Exotic Matter in Very Early Universe Flows Like Water, New Study Says

Exotic Matter in Very Early Universe Flows Like Water, New Study Says
(Aditya Chinchure/Unsplash)

In a recent study, scientists concluded that an exotic form of matter that existed in the very early universe probably flows just like water.

Throughout history, people in many places have thought of water as sacred or as having existed almost since the beginning of creation. The matter known as quark-gluon plasma is thought to be a hot soup of elementary particles that formed just a few microseconds after the Big Bang, and it is believed to have been everywhere in the universe at the beginning.

According to modern physics, the ratio between a fluid’s viscosity (that is, how runny it is) and its density decides how it flows.

As an exotic form of matter, quark-gluon plasma is unlike any form of matter found in our daily lives. However, the researchers found that the ratio between its viscosity and density is similar to that of tap water, as both of the measurements are about 16 orders of magnitude larger than those of water.

Professor Kostya Trachenko, professor of physics at Queen Mary University of London and author of the paper, said in a statement: “We do not fully understand the origin of this striking similarity yet but we think it could be related to the fundamental physical constants which set both the universal lower limit of viscosity for both ordinary liquids and quark-gluon plasma.”

The matter we normally encounter is made of atoms. These tiny particles consist of a nucleus orbited by electrons. The nucleus is made of protons and neutrons, which consist of more fundamental particles called quarks and gluons.

In most cases, quarks and gluons stick together and form protons and neutrons. However, if the temperature is very high, about one million times hotter than the center of our sun, quarks and gluons can break free and form quark-gluon plasma.

According to the Big Bang theory, the very early universe was filled with incredibly hot quark-gluon plasma. In only a few microseconds, the plasma cooled, creating the building blocks of matter.

In the past 20 years or so, scientists have been able to recreate quark-gluon plasma in lab environments using large particle colliders, providing new insights into this type of matter.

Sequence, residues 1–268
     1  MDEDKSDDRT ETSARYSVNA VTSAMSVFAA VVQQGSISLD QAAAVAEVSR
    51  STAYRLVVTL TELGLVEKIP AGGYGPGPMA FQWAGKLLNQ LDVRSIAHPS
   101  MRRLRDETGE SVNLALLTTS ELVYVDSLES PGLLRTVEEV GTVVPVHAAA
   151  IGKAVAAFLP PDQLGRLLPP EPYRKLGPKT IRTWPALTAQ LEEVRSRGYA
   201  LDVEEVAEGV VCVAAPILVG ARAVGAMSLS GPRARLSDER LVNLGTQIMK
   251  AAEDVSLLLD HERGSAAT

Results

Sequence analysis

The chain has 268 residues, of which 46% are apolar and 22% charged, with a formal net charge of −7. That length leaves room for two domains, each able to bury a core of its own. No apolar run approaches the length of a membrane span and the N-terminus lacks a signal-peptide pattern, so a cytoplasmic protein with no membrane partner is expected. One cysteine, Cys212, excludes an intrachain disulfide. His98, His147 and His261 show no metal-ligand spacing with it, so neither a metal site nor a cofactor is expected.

The research team found that the ratio of viscosity and density, known as kinematic viscosity, is similar between quark-gluon plasma and ordinary liquids, despite huge differences in many of their physical properties.

According to fluid dynamics, fluid flow is governed by the Navier-Stokes equation, which is sensitive to this ratio. As long as this ratio is the same, the two fluids will flow in the same way even if they have very different viscosities and densities.

“This study provides a fairly rare and delightful example of where we can draw quantitative comparisons between hugely disparate systems,” Professor Matteo Baggioli from the Universidad Autónoma de Madrid said in the statement. “Liquids are described by hydrodynamics, which leaves us with many open problems that are currently at the forefront of physics research. Our result shows the power of physics to translate general principles into specific predictions about complex properties such as liquid flow in exotic types of matter like quark-gluon plasma.”

The statement pointed out that not just any liquid viscosity is the same as that of quark-gluon plasma, but there is a particular point where liquid viscosity has an almost universal lower limit. Some previous studies have suggested that at this limit, the viscosity is governed by fundamental physical constants such as the Planck constant.

These constants govern the properties of our universe, such as whether a proton is a stable particle and the creation of biochemical elements needed for life. The new study found that this universal lower limit of ordinary fluids like water is close to the viscosity of quark-gluon plasma.

“It is conceivable that the current result can provide us with a better understanding of the quark-gluon plasma,” Professor Vadim Brazhkin from the Russian Academy of Sciences said in the statement. “The reason is that viscosity in liquids at their minimum corresponds to a very particular regime of liquid dynamics which we understood only recently. The similarity with the quark-gluon plasma suggests that particles in this exotic system move in the same way as in tap water.”

The new research is described in a paper published in the journal SciPost Physics.